Get to know what professionals charge, if you want to ever consider yourself one!
You also need to be aware that these organisation are your ‘Professional Associations’.
Most great industries have them. They allow us to connect with like minded professionals and build knowledge of our industry. They empower us to make choices that honour our skills. They support us, lobby on our behalf and provide valuable resources. And, for an industry such as voiceover, where we often work alone and for very short periods, they provide a place where we can feel a part of all that happens and a member of a community.
I’ve been an active and extremely proud member of my professional association since 1979. In Australia it’s called Equity and exists under the umbrella of the Media, Entertainment and Arts Alliance (MEAA).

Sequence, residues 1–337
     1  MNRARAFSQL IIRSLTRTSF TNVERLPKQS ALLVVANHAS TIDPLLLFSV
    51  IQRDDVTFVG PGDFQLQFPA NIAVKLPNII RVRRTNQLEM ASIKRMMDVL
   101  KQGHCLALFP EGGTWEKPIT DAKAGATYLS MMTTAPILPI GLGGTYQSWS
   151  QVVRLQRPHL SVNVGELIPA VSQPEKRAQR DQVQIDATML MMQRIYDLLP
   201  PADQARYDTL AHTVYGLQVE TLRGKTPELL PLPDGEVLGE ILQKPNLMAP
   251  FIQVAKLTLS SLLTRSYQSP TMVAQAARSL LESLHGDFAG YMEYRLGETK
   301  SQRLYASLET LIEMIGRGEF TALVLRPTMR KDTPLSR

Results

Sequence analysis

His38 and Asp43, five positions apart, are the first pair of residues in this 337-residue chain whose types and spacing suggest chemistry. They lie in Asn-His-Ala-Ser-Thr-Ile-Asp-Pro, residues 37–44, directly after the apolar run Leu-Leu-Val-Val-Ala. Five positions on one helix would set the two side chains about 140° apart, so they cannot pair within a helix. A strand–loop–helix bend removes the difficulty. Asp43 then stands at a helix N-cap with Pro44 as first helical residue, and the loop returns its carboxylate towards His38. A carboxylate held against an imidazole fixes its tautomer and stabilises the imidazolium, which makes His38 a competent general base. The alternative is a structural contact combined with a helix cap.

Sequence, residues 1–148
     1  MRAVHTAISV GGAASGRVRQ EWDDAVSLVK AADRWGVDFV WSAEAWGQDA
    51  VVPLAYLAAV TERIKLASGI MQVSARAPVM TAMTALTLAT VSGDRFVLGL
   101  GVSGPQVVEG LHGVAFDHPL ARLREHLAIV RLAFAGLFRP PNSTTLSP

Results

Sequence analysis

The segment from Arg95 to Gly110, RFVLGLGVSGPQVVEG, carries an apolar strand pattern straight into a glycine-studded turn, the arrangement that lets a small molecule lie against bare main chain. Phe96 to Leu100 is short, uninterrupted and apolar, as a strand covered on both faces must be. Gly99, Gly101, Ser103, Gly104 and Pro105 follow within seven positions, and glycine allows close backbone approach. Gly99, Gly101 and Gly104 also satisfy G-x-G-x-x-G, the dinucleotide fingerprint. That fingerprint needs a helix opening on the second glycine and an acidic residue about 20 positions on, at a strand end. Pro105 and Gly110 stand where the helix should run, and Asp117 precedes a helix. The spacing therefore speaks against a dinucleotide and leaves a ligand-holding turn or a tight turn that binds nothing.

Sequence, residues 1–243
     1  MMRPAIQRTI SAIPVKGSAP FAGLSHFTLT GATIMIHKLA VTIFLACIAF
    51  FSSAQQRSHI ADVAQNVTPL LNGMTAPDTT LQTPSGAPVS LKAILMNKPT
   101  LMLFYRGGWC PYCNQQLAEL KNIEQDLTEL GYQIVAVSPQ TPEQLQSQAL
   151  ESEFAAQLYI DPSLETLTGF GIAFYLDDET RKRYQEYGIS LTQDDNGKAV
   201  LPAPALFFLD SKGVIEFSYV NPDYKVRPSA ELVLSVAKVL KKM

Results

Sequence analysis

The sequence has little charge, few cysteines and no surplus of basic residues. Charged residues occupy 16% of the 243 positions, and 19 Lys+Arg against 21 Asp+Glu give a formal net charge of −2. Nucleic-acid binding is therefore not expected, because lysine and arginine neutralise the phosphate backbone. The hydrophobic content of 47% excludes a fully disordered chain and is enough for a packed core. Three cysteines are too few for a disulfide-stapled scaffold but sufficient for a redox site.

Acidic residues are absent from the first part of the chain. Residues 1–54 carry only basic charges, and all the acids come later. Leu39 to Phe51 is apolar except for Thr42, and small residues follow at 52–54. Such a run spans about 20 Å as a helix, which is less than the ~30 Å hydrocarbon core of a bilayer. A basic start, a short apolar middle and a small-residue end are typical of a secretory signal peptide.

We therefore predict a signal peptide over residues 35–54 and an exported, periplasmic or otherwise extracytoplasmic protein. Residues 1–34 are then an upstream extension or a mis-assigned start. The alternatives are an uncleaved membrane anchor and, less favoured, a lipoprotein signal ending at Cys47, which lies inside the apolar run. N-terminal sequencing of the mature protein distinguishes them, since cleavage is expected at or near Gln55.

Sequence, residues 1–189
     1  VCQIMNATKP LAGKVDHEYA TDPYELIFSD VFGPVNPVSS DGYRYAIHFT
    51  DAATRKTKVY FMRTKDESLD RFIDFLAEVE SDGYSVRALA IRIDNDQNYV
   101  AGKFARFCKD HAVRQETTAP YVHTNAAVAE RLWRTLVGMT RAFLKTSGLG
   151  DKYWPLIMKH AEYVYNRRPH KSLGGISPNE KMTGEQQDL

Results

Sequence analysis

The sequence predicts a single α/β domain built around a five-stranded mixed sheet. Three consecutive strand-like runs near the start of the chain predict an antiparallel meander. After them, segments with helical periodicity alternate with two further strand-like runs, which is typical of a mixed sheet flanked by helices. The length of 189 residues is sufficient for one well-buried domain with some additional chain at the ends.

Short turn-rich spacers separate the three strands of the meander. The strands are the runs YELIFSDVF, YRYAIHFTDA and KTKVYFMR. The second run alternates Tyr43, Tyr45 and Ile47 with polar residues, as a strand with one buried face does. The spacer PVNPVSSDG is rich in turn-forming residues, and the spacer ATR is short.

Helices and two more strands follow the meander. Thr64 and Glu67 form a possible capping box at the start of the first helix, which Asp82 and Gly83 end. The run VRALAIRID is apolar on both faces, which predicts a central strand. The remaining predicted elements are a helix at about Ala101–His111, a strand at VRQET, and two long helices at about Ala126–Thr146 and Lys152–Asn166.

If you’re working in voiceover and want to build a career, then join your professional association.
Here’s a link to Equity here in Australia. https://www.meaa.org/join
I ask you to consider the value of the work you do that gets played and played and played, and charge accordingly.
Happy (and correctly invoiced) Voicovering!
Find Your Voice As a Voice Over Actor And Artist With The Voice Over Coach. For over 30 years I've had a successful voiceover career. I work in mainstream voice over for radio and television, narration for the corporate sector, website content and documentaries, as well as characters for animation, IVR, ADR, on-hold and foreign film dubbing.